Earnings Preview: Analysts Say Oracle is #Winning
Enterprise software giant Oracle reports its quarterly earnings tomorrow after the close of market, and the analysts who cover the company are all in agreement: The results should mean a pretty good day for CEO Larry Ellison (seen here hoisting the America’s Cup).
The consensus view of analysts says that Oracle will report $10.75 billion in sales and a profit of 71 cents a share, but several analysts expect the company to beat the consensus view.
“#Winning: Ignore the Noise” was the unironic title of Credit Suisse analyst Philip Winslow’s note to clients on June 9. The “noise” he referred to was a recent selloff in Oracle shares, and a drop in its share price from its highest point in five years: $36.50 in May to less than $31 a share last week. What happened? Macroeconomic concerns, for one. Both the Nasdaq and the Dow Jones Industrial Average have been down this month, despite a surge yesterday, mainly on worries surrounding weak jobs reports.
At Oracle specifically, there were also concerns, Winslow writes, about a shakeup in Oracle’s sales force, and slowing sales momentum on the Exadata server line. Winslow dismisses both: Oracle, he says, met and probably exceeded its May sales targets, and saw a boom in sales of its Fusion Middleware, Siebel, and PeopleSoft software. On top of that, lingering concerns that Oracle’s acquisition of Sun Microsystems might drag down Oracle’s overall profit margin are overstated, Winslow says: “We believe that Oracle’s Exadata and Exalogic pipeline is beginning to translate into a more meaningful revenue stream that will ultimately drive meaningful upside to long-term estimates.” The recent selloff in Oracle shares, he says, is a buying opportunity.
Winslow’s checks with Oracle’s customers suggest that the last two months of the quarter were “extremely busy” for Oracle’s sales team as it sought to aggressively close deals ahead of the close of the end of Oracle’s fiscal year. He says the pipeline for the quarter ending in August looks good, too.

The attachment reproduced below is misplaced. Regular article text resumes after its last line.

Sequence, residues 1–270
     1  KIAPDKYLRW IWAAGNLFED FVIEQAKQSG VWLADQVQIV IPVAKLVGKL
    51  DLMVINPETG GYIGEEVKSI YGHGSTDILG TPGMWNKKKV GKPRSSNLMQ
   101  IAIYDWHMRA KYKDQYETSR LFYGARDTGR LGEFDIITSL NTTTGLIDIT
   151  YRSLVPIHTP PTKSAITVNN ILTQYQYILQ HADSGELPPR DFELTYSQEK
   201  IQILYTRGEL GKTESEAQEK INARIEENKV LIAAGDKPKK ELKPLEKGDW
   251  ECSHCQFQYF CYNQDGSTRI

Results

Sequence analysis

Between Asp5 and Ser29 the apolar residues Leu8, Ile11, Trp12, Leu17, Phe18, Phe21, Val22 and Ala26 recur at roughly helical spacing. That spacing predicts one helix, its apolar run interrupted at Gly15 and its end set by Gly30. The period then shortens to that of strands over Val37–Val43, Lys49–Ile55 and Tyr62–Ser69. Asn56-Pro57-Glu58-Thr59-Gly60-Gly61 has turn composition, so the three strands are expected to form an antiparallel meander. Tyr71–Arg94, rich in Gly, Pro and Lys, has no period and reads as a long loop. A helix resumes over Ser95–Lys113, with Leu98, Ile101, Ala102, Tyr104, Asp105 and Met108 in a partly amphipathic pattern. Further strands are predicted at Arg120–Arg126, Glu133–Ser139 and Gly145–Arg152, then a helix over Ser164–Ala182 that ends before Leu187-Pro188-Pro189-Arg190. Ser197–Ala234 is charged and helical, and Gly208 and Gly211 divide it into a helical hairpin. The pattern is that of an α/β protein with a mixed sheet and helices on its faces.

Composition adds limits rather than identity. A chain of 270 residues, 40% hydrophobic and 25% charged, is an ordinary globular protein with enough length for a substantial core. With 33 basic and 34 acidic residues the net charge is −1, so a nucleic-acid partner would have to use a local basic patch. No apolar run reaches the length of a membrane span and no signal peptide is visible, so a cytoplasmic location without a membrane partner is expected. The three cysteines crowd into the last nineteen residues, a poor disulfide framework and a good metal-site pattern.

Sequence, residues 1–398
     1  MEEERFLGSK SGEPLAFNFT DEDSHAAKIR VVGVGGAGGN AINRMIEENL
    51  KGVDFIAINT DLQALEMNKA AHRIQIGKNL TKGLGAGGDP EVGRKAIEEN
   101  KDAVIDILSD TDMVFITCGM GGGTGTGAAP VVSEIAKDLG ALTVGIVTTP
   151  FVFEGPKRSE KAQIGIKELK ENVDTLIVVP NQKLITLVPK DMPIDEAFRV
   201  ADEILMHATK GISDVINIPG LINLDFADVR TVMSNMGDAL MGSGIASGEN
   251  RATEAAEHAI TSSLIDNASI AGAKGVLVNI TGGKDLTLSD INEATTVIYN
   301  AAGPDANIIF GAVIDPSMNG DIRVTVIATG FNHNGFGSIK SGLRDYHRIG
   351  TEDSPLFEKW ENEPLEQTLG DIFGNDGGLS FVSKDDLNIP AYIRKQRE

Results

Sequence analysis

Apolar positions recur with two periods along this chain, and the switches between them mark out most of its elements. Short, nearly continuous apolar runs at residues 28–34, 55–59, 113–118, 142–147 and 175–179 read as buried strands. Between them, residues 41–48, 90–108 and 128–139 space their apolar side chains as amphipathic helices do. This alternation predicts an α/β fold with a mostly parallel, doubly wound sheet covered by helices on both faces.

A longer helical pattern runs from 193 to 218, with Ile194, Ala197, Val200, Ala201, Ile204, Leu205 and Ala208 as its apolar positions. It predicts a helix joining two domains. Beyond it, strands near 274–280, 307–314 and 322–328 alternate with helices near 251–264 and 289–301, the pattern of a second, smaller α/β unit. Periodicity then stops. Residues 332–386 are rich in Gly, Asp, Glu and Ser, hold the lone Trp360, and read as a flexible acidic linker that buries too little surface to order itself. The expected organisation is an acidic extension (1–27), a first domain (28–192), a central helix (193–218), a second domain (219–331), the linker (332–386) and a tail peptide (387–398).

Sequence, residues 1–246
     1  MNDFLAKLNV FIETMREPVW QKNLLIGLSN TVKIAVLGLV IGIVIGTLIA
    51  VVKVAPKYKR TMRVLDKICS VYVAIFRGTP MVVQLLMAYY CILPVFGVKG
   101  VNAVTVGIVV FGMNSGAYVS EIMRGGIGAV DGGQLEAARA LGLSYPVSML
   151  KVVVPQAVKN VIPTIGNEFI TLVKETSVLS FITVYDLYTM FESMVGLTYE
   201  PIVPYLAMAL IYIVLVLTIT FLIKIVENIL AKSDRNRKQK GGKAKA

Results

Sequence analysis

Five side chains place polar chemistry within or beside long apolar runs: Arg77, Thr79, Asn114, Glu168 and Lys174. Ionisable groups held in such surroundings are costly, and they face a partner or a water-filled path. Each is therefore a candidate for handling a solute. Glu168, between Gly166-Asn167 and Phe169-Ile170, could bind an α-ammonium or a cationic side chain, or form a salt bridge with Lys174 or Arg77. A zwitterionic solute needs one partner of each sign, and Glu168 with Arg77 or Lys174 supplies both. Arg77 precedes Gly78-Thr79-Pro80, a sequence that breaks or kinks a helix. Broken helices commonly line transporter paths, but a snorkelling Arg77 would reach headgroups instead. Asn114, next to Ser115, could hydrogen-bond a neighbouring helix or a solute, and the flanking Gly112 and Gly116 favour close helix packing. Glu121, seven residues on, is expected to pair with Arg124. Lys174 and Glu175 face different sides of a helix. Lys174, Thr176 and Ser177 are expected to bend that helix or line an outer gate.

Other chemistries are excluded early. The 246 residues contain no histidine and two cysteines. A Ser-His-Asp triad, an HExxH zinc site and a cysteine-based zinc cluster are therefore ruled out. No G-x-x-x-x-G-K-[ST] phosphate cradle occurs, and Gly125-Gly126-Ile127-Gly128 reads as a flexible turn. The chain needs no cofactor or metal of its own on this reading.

He also takes a lengthy look at some changes to Oracle’s sales team, and finds that Oracle’s team tended to spend most of its time with customers who bought the most, while those who tended to buy less got less attention, meaning that some business was getting left on the table. Under a change implemented by new president Mark Hurd, these “non-focus” accounts are getting renewed attention from new salespeople. Meanwhile the salesperson retains his or her “focus” accounts with roughly the same sales quota but with fewer accounts to manage overall. The result, he says, should help sales in the long run.
Winslow expects Oracle to report $10.8 billion in sales and earnings of 72 cents a share.
Gleacher & Company analyst Yun Kim expects a strong quarter, too: “In our view, the overall enterprise IT spending environment remains resilient and continues to be driven by large, highly strategic IT infrastructure investments and new business initiatives,” Kim wrote in a June 8 note to clients, though, unlike Winslow at Credit Suisse, he remains concerned about the August quarter.
The first quarter of Oracle’s fiscal year is typically its weaker quarter seasonally, Kim says, but that’s not an indication of a longer-term weakness. “We believe Oracle is likely to issue Q1 guidance that is in-line with our and current street estimates, which could imply greater seasonal F1Q weakness than in recent years,” he writes. “We would not interpret in-line F1Q guidance as any negative indication of its current state of business, which we believe remains strong.” Kim expects Oracle to report sales just shy of $10.9 billion, and per-share earnings of 71 cents.
ThinkEquity analyst Brian Schwartz, in his own checks of Oracle’s sales channel, noticed a positive trend, too: “On average, contacts finished 2 percent above their plans and most report Oracle experienced a better demand environment the past three months,” he wrote in a June 17 note. He said he did notice a “softening trend” in IT spending by financial services companies, but that a weakness there could be offset by stronger sales of Exadata hardware. One of Schwartz’s contacts tells him that Oracle’s Exadata products are “killing HP in the market” and “taking share from all the storage players.” Hewlett-Packard shareholders, take note.